Another important development is that the Government decided to extend yet again temporary protection, a humanitarian institute designed principally for Bosnians, this time untill 31 December 1996.
As for refugee regulations de lege ferenda, work on a new asylum system is underway. It will reflect both Czech and EU experience. Without a priori barring access to asylum procedure to any category of asylum seekers, the draft legislation follows two aims - to provide fair and effective process, including legal devices designed to prevent abuses of asylum procedure in the largest category of asylum seekers - economic migrants - and to afford protection to those who really need it, e.g. by introducing the institute of "safe third country".
Let me conclude by saying that the Czech Republic appreciates the cruicial role of UNHCR in the sphere of international protection of refugees and in seeking lasting solutions to their problems and is always ready to actively assist the High Commissioner in fulfilling these functions.
Statement by H.E. Mr. Karel Kovanda, Permanent
Representative of the Czech Republic to the United Nations,
International drug control
Let me congratulate you and other members of the Bureau on your election and wish you all much success in carrying out your tasks.
A number of speakers have already pointed to the increasing seriousness of the drug problem and stressed the need for wider international cooperation in this field. My Minister of Foreign Affairs addressed this question in his recent statement before the GA as well.
Important ideas concerning international cooperation in combatting drug abuse were also voiced at last summer's high-level segment of ECOSOC. However, that meeting produced few if any any practical results. We hope that the results of future talks at a similar level will be more productive.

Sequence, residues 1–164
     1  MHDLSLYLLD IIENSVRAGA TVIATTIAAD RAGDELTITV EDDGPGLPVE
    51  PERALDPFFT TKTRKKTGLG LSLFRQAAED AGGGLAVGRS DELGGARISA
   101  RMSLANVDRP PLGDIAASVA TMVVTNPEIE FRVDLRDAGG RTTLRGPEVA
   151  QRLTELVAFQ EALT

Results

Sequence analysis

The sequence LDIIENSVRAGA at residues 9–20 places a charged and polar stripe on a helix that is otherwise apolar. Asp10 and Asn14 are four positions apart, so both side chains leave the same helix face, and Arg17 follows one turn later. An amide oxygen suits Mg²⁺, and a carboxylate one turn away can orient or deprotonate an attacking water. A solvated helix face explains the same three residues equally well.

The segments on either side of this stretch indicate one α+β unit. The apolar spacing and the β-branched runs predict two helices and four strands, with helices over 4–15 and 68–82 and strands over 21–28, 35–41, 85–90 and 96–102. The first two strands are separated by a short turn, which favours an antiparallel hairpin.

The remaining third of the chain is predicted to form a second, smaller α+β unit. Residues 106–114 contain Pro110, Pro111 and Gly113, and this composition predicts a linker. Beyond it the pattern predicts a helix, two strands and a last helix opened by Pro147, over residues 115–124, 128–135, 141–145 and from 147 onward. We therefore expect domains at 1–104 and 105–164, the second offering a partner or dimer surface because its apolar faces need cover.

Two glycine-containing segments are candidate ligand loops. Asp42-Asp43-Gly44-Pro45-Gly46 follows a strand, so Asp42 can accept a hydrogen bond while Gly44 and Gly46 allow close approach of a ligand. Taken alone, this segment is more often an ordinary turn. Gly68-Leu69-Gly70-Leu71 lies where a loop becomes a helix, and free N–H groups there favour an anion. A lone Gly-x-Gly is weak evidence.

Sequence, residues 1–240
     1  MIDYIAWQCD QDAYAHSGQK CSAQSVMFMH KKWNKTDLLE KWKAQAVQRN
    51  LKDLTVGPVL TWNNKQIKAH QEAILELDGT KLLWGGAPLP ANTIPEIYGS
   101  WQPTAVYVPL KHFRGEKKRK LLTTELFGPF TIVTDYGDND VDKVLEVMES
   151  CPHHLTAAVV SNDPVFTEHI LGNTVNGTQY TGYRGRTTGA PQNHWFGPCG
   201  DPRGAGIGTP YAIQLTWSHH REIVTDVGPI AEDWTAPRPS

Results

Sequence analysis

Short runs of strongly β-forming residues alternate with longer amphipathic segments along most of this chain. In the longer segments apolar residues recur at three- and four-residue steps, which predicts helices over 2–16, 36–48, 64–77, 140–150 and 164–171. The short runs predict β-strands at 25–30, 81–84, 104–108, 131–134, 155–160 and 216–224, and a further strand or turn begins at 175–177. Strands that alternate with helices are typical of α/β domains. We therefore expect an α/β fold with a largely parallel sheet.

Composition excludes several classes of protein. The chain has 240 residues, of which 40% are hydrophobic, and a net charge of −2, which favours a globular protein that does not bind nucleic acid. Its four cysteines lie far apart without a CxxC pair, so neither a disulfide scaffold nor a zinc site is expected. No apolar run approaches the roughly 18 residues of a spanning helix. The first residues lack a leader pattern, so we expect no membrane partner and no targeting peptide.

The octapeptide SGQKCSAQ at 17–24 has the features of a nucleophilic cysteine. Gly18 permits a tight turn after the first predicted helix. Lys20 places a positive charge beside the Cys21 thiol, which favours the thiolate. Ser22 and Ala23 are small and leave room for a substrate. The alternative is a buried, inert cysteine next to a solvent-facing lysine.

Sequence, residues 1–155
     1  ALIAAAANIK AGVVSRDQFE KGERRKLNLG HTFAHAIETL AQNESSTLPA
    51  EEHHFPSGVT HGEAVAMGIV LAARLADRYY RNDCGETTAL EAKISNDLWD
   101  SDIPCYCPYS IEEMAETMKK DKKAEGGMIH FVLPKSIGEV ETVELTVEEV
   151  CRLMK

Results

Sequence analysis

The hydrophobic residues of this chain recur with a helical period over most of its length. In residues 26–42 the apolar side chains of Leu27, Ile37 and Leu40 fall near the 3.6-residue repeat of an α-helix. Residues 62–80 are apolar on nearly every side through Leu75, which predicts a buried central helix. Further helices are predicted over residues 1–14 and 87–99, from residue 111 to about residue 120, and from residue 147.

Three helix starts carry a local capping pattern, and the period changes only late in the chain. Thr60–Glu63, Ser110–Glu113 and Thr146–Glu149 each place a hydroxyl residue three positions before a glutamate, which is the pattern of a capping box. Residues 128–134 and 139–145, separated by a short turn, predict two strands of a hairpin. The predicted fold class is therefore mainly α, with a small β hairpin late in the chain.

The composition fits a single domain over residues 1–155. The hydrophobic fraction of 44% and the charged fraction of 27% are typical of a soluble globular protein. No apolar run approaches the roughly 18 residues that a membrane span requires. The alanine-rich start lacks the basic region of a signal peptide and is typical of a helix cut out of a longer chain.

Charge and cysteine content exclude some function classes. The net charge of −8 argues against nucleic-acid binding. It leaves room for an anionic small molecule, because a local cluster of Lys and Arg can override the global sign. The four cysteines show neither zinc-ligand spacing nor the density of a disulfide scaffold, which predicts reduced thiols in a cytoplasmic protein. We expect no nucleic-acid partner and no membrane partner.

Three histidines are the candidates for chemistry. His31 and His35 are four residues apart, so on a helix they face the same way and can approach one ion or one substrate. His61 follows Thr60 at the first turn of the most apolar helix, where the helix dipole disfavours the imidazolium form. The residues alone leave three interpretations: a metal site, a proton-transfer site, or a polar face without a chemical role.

The Czech Republic welcomes the decision to hold a special session of the UNGA on drugs next summer. This will be the proper forum for dealing with international cooperation in combatting drug abuse. As a member of the UN Commission on Narcotic Drugs we will participate in its preparation. For the special UNGA session to succeed, it will be necessary to provide its preparatory body, and we believe this should be the UNCND, sufficient space and a sufficient mandate to do the necesssary work. The agenda should include only key questions so as to avoid the atomization of problems. The session should be aimed at increasing the efficiency of existing instruments in international cooperation in combatting drugs rather than at forging any new ones.
The UN Drug Control Program has earned an irreplaceable and stable role in international cooperation in combatting drug abuse. We greatly appreciate all of its activities, in particular the attention it attaches to cooperation at regional level. The Czech Republic is well aware of the fact that the projects and activities of the UNDCP can be carried out only if adequately funded, and is convinced that new sources for financing the UNDCP and its activities will be found.